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Workmen's compensation. Before Judge Shaw. Fulton Superior Court. April 8, 1954.
1. Under the evidence adduced on the hearing of the present claim for workmen's compensation, the trial director was authorized to find that the claimant's employment, at the times of his injuries, required him to perform both clerical work and manual labor, although he had originally been employed as a clerical worker; that on three separate occasions, while performing manual labor for his employer, he strained his back; that as a result of these strains to his back which caused his injuries, which arose out of and in the course of his employment, he has become totally incapacitated for manual labor; that he is capable of performing his clerical duties, but he resigned his employment altogether as he was unable to obtain satisfactory assurances from his immediate superior that if he returned to his clerical duties he would not be forced to perform those manual labor duties of the employment for which he is totally incapacitated; and that, therefore, the claimant, who had failed in his efforts to secure employment of any kind elsewhere, was totally incapacitated within the meaning of the workmen's compensation laws, because the claimant as a result of his aforesaid injuries, is unable to resume his former occupation, which involved manual labor, is unable to procure remunerative employment at a different occupation suitable to his impaired capacity, and was justified in refusing the employment offered him by his employer. The trial director did not err, therefore, in finding the claimant totally incapacitated and in awarding compensation accordingly. Austin Brothers Bridge Co. v. Whitmire, 31 Ga. App. 560 (121 S. E. 345); Lumbermen's Mutual Cas. Co. v. Cook, 69 Ga. App. 131 (25 S. E. 2d 67). Consequently the superior court, on appeal, did not err in affirming the award of the State Board of Workmen's Compensation, which, on appeal, affirmed the award of the trial director.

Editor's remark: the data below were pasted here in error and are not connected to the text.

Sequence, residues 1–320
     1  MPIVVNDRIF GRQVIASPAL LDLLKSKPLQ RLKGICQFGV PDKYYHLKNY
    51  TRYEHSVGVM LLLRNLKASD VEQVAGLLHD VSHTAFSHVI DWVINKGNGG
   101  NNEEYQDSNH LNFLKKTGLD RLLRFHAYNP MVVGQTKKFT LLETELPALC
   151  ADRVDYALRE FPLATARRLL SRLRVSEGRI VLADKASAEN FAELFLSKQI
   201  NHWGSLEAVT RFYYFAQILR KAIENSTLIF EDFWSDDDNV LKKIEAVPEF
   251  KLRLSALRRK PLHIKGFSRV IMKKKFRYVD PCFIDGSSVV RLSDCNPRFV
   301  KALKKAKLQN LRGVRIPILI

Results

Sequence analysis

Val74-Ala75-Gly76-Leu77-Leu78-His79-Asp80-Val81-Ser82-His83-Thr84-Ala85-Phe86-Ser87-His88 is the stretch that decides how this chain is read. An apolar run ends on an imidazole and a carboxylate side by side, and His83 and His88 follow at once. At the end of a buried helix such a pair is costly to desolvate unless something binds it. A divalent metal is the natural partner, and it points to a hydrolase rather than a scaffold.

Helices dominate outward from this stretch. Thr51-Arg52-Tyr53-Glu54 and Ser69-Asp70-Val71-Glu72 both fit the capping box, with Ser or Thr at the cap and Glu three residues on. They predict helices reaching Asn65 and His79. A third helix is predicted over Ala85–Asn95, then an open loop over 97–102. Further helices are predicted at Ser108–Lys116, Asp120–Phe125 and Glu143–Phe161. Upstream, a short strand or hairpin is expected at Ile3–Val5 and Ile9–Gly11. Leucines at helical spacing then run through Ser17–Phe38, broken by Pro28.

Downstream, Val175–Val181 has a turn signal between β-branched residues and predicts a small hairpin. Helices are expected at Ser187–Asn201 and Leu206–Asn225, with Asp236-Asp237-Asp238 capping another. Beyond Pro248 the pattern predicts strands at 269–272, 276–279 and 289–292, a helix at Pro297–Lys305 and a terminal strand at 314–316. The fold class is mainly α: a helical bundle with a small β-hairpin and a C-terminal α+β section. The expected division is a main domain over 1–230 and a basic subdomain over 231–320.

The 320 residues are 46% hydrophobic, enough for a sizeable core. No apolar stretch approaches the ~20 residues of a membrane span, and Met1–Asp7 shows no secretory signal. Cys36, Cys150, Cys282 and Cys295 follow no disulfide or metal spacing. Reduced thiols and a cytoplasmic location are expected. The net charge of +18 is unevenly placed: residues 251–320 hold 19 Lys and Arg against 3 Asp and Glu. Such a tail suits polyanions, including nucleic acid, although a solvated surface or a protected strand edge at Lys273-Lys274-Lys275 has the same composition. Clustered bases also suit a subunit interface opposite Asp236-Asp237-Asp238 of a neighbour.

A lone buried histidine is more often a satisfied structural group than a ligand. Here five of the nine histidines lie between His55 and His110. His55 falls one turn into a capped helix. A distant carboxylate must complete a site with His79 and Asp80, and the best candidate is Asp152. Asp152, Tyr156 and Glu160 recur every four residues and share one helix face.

2. The fact that the claimant has applied for and is receiving unemployment compensation under the provisions of the Employment Security Act (Code, Ann., 54-601 et seq.) alters nothing that has been held in division 1 of this opinion. Nor does the claimant's application for and receipt of unemployment benefits estop his claiming compensation under the Workmen's Compensation Act. Neither does it constitute an election between inconsistent remedies. The two acts are not repugnant. While each seeks the beneficent purpose of insuring the worker from economic insecurity, the two acts seek to remedy economic insecurity stemming from two entirely different sources. The Workmen's Compensation Act was enacted to protect the worker in some measure from the economic hazards consequent upon the worker's exposure to the manifold industrial hazards of today to life and health; that is to say the Workmen's Compensation Act is in the nature of health and accident insurance against injuries which arise out of and in the course of the worker's employment. The Employment Security Act was enacted to protect the worker in some measure from the loss, through no fault of his own, of employment; that is to say, to insure the worker against loss of a place to work. While under the provisions of Code (Ann. Supp.) 54-610 (e) (2) a worker who is receiving remuneration in the form of "compensation for temporary partial disability under the workmen's compensation law" is disqualified to receive unemployment compensation, we find no prohibition against the receipt by a worker of workmen's compensation for total disability within the meaning of that act while he is receiving unemployment compensation.
John M. Williams, contra.
Marshall, Greene & Neely, Burt DeRieux, for plaintiffs in error.
Saturday May 23 03:52 EDT

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